A Memoir of Courage, Conviction, and a Calling tells the tender, humorous and sometimes traumatic, always blessed tale of the author's nine-year journey in the Sisters of St. Joseph of Rochester, NY. These stories and vignettes bring the days of convent life alive in the 1970s. The late 60s and 70s are remembered as the author journeys through one calling to another.
"It's 1970. Six hundred thousand attend the largest rock festival ever on the Isle of Wight. The first Gay Pride marches have been held in New York City, Chicago, Los Angeles, and San Francisco. One hundred thousand people are demonstrating against the Vietnam War. And I am a postulant in an order seeking to address the challenges, longings, and hopes of the era."
This honest and searching memoir reveals Elizabeth Osta's years as a nun, teacher, and activist with the Sisters of St. Joseph in Rochester, New York in the 1960s and 1970s. Osta gracefully takes the reader through her personal response to the changing American landscape after JFK, the 1964 Rochester race riots, and the rise of the second wave of feminism.
Vatican II's aggiornamento" ("bringing up to date" of the Catholic Church) challenges the Sisters of St. Joseph to find their place in this changing world, including updating the centuries-old attire of traditional habits. Osta questions everything from the prayers in the Breviary to the meaning of vows. In the end will Catholicism's new open-minded perspectives be enough to satisfy Osta's intuition that something else, just as sacred, might be waiting for her outside the convent walls?
Saving Faith invites the reader on an honest look back at a lived experiment in activism, spirituality, Catholicism, and the true meaning of vows. As well as the dreams and sometimes harsh realities of following a calling.
A memoir recounts a woman's tortured decision to become a nun and her later crisis of faith.
"... She was drawn to a life of religious devotion but also disenchanted in many ways with the Catholic Church—particularly its failure to live up to the promise of its Vatican II reforms. She confided her misgivings to Sister Tee, who gently encouraged her to consider becoming a nun. To her family's surprise, Osta became a postulant with the Sisters of Saint Joseph."
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"Osta captures in vivid detail a time of great transition in the Catholic Church, as well as a time of profound change and discernment in her own life. For those of us who , as clerics, lived through these turbulent years beautifully captured by the author, the reader will find both fond memories as well as some deep disappointment as to what might have been if the Catholic Church stayed on the path of renewal and openness to the modern world. A true reflection of courage, conviction, and calling."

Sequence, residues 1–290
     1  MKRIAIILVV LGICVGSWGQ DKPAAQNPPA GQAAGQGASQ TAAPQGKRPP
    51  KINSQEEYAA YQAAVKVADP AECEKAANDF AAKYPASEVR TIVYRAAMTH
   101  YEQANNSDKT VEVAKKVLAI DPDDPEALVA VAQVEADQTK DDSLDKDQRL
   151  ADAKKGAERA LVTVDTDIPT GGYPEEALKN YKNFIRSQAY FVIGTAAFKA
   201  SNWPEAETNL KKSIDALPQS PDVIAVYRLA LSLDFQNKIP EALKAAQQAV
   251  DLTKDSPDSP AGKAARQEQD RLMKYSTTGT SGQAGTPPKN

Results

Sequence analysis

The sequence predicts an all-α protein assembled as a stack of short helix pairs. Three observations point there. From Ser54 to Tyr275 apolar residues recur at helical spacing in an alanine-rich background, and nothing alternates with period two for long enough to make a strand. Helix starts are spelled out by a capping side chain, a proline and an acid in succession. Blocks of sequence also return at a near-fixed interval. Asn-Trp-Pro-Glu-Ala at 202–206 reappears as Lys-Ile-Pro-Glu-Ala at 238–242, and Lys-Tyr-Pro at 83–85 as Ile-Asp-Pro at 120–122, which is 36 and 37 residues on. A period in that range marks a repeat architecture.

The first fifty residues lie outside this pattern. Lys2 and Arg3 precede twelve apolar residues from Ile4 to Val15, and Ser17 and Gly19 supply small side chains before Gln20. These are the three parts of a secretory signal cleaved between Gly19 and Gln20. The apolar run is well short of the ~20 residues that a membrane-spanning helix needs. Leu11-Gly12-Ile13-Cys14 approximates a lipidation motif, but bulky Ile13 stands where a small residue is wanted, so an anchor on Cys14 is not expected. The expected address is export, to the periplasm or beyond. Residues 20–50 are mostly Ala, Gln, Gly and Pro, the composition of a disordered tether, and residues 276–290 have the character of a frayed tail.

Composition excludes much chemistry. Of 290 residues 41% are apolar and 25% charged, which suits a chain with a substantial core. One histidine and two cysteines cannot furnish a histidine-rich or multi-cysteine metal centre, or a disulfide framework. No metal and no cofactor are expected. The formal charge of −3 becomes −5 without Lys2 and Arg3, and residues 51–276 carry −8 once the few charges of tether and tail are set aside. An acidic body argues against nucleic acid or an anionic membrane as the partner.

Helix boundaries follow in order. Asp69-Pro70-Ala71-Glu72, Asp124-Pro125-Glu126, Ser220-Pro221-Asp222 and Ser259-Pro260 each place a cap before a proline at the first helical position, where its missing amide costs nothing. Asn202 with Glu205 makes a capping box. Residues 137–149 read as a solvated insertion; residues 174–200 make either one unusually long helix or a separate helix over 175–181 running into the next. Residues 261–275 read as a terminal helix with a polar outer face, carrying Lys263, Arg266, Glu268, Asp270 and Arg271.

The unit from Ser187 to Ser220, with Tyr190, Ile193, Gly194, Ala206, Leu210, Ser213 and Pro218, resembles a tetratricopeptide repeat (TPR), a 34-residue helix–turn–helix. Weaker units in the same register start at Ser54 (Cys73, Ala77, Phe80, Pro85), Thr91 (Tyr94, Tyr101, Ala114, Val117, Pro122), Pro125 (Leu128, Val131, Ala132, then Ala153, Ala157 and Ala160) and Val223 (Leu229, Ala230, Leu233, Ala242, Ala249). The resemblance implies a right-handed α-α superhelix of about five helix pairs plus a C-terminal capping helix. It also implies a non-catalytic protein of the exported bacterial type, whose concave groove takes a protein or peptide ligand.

-Vincent A. Keane, President/CEO Unity Health Care Inc. Washington DC
"What good Catholic girl in the 1960s didn't think about joining the ranks of dedicated nuns who taught her? In Saving Faith: A Memoir of Courage, Conviction and a Calling, Elizabeth Osta bravely bares her soul to reveal her journey as a young religious sister, struggling to find her place in both the turbulent inner world of the Catholic Church and the magnetic outside world of community activism. Deeply personal, mesmerizing and even humorous, this memoir enthralled me."
-Jane Sutter, author of Sutter's Sodas Satisfy: A Memoir of 90 Years of Sutter Drug Co.
A lively and engaging memoir that documents Elizabeth Osta's call to service and years as a nun, Saving Faith meditates on strength, womanhood, friendship, and redemption. The "chores," "errands," and "decisions" of daily life "flood" with deeper meaning as the voice of this luminous prose intertwines the tangible and the ethereal, the visible and the not-yet-revealed, the quotidian and the philosophical – all while remaining intensely personal, wildly imaginative, and refreshingly direct. This is a book that shows us all how strength, femininity, spirituality are intricately connected, offering an inspiring and intensely moving glimpse into that "inner harmony" that "starts with the sound of a bell."
-Kristina Marie Darling, author of Dark Horse and The Disappointment Acts
"An intimate account of the struggle for a calling amidst the changes that transformed the Catholic Church—and Catholic education—in the 1960s and 70s. Elizabeth Osta writes with great respect for the Sisters of St. Joseph, whose way of life she once embraced, and whose ministry in Rochester continues to this day."
-WROC TV Channel 8 News Anchor Maureen McGuire